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Q&A With Rebekah Carlson, Agriculture Supply Lead of Nori

Rebekah Carslon

* This interview was conducted ahead of the Cultivate Conference which took place on July 15, 2021.

Rebekah Carlson will be speaking at the Cultivate conference on the company she works for, Nori, a carbon removal marketplace. In the marketplace, Nori credits with Nori Removal Tonnes (NRTs) and make them available for purchase by companies and individuals. One NRT represents one metric ton (tonne) of carbon removed from the atmosphere and retained in a reservoir. While Nori is carbon removal agnostic, their first methodology is focused on storing carbon in agricultural soils. Nori issues NRTs to producers in the US who have adopted regenerative practices since 2010 that result in incremental carbon storage in the soil.

To estimate the amount of carbon removed and retained in the soil, Nori collects agronomic data from growers to run through Soil Metrics, their carbon quantification tool, which combines these data with soil and weather patterns to estimate increases in soil organic carbon (SOC) as a result of the regenerative practice.

Once the data is in and Soil Metrics has run its models, Nori estimates how many NRTs a producer is issued based on their new practices. The project then goes through verification, a third-party audit ensuring the agronomic practices used to run the models did, in fact, take place. Additionally, if the grower is not the landowner, they will need to demonstrate to the verifier that they have authority from the landowner to participate in our marketplace.

After verification passes, the producer signs an NRT agreement, which commits a producer to maintaining the carbon in the soil for 10 years, updating project data for 10 years, verifying the project at least every three years, and choosing their own price for their NRTs.

The NRTs are then listed on our marketplace in a First in First out (FiFo) queue, to be purchased by individuals and companies offsetting their emissions.

How can farmers partner with Nori?

Farmers can partner with us by going to our website, clicking on the “enrollment button” and filling out a form. This form helps us understand their qualifications for the Nori Pilot. We will then personally connect the farmer with our Nori Data Managers, a trusted group of partners who have been trained in the Nori enrollment process to onboard growers into the Nori Marketplace.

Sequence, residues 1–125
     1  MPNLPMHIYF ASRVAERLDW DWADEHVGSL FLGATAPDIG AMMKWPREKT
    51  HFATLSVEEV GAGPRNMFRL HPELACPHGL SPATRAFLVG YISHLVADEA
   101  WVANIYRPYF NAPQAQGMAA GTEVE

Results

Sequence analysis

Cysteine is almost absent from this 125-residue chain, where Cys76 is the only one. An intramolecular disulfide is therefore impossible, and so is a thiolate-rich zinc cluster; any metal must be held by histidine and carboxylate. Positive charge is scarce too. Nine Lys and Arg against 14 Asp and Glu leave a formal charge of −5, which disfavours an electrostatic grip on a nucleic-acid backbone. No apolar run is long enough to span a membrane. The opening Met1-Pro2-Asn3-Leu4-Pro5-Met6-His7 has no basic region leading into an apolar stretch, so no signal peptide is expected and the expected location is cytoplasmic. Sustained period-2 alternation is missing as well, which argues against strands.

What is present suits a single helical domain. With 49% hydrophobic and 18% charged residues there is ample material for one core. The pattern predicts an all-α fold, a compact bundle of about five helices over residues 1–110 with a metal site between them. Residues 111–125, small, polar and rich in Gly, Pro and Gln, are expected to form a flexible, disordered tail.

Why is carbon removal important?

Carbon removal is important both on a global and on a local scale, particularly for farmers. I’ll start with globally. We currently have too much carbon in the wrong place: the atmosphere. There are a slew of consequences from having the carbon here and we need a strategy to not only emit less CO2, but remove the excess CO2 to maintain healthy ecosystems across the globe, including the Midwest. Carbon removal plays a role in this by taking additional carbon out of the atmosphere and putting it in a place that is helpful, ecologically speaking, and not harmful.

From a local scale, farmers are removing carbon everyday through the crops they plant. By quantifying this carbon and creating an asset out of it, carbon removal provides an additional source of income to the farming community, which is plagued by volatile weather and many tight margins. By adopting practices that put carbon back in the land, this removal provides resilience to both the pocketbooks and the soil of a grower.

What does carbon removal look like with Nori?

Our first and current methodology of carbon removal at Nori is through the incremental drawdown of carbon stored in US croplands’ soils based on recently adopted regenerative agricultural practices. We have assurance through our NRT agreement that this carbon removal will remain in the soil for a minimum of 10 years.

Is the process of Carbon capture disruptive in any way to a farmer’s day-to-day processes?

Yes. Adding in any new change or way of thought to a fairly engineered agricultural process is going to be a bit disruptive. As we pioneer our way through introducing carbon removals as a valuable commodity to growers, we kind of want to rock the boat a bit. But the extent of the disruption depends on the producer. For producers who have recently adopted regenerative practices, the disruption is small. They continue stewarding the land well and the disruption comes in the form of data management and data entry into our carbon quantification tool. Yet for producers who are going to adopt regenerative practices, carbon removal is quite disruptive. Changing practices takes gumption and is very farm dependent. The process of determining what to plant, when to plant, how to account for weather, machines breaking down, using new equipment, among many other decisions is very specific to any given field. While these changes take time, mistakes, and capital, Nori wants each producer to make the best decisions for what makes sense for their land when switching over to regenerative practices. We know it is a risk, but we hope that carbon markets provide an economic incentive to help ease the transition through